World Food Prize focuses on GMOs

Jacqui Becker

While the controversy over genetically modified crops has sparked protests on the ISU campus, the topic is drawing world food and agricultural leaders to Des Moines for the 2000 World Food Prize International Symposium.

More than 300 attendees arrived at the Marriott Hotel Thursday morning for a symposium titled “The Safety of Genetically Modified Crops and Their Role in Feeding Developing Countries in the 21st Century.”

“We’ve had an overflow of unprecedented level of interest in this year’s event,” said Kenneth Quinn, president of the World Food Prize Foundation. “Our symposium is covering a very stimulating topic – issues around the safety of genetically modified organisms as well as their potential role of feeding the undeveloped countries of the 21st century.

“I think the combination of our laureates [past World Food Prize winners], our speakers and of course our own Nobel Laureate Dr. [Norman] Borlaug makes this one of the most impressive assemblies with the distinguished scientists and talent of food and agriculturists ever put together,” he added.

Lt. Gov. Sally Pederson said Iowa is fortunate to have so many of today’s leaders in food, agriculture and science as a part of our history.

Thursday began with opening ceremonies featuring Quinn, John Ruan, chair of the World Food Prize Foundation, Borlaug, 1970 Nobel Peace Prize Laureate, and Iowa Gov. Tom Vilsack.

The World Food Prize was started 14 years ago, and each year the number of symposium participants has grown.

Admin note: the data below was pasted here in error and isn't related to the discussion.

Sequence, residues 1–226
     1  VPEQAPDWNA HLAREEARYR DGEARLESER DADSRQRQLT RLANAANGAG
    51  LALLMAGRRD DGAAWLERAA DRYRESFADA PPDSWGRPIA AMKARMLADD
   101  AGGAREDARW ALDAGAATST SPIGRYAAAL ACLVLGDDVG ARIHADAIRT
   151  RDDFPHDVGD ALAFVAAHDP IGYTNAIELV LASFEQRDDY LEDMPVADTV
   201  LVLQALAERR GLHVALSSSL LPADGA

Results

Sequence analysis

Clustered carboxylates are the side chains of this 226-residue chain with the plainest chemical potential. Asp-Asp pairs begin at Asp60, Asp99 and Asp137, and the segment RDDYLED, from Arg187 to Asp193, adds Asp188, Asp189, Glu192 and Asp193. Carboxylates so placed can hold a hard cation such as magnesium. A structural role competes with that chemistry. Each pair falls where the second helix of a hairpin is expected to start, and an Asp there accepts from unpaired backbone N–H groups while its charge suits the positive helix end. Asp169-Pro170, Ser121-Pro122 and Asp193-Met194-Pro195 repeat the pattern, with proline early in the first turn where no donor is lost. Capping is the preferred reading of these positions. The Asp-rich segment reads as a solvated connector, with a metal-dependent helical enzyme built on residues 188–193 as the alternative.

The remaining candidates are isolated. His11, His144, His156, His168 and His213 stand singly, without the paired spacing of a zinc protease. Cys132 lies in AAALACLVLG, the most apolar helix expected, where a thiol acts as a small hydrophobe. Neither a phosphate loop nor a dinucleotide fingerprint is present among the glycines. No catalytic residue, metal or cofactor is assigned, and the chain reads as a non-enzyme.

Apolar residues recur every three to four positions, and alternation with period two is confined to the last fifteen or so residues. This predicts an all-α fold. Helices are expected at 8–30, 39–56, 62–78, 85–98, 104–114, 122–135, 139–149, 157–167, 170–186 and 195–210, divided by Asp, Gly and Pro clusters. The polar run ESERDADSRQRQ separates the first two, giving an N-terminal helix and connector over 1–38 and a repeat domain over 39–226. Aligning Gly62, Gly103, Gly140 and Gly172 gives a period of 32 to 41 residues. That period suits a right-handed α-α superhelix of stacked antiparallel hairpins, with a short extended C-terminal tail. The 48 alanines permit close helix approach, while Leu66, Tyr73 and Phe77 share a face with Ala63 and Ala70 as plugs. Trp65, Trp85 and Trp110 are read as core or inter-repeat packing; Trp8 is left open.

“This year the topics that we are discussing are particularly relevant to many of these issues, agricultural research and its use,” Borlaug said. “I insist that we need it. . Gradually over time we must have it if we’re going to continue to keep this population without destroying all of the environment. The land is saved by the use of high-yield technology.”

Vilsack said he is preparing Iowa to be the bread basket of the world. Iowa has 56,000 square miles of land – about 50,000 square miles are dedicated to agriculture production.

Vilsack said he was proud to host the World Food Prize Foundation, proud of the state’s farmers and also the continued research that occurs in the state.

“We’re also proud of our educational institutions, Iowa State University and the University of Iowa in particular, for their contributions to the science of food production and the science of healthy living,” he said.

Vilsack and North Dakota Gov. Edward Schafer held a panel session on world hunger. Other panels included an overview of GMOs, agricultural biotechnology and its global potential, ethical and environmental safety issues, the role of GMOs in feeding developing countries, biotechnology from a European view and a discussion with past laureates.

The symposium will conclude this afternoon. Monday is World Food Day, and many attendees will be traveling to New York for an introduction into the United Nations Diplomatic Corps, featuring U.S. Secretary of Agriculture Dan Glickman and Ambassador Richard Holbrooke, the U.S. permanent representative to the United Nations.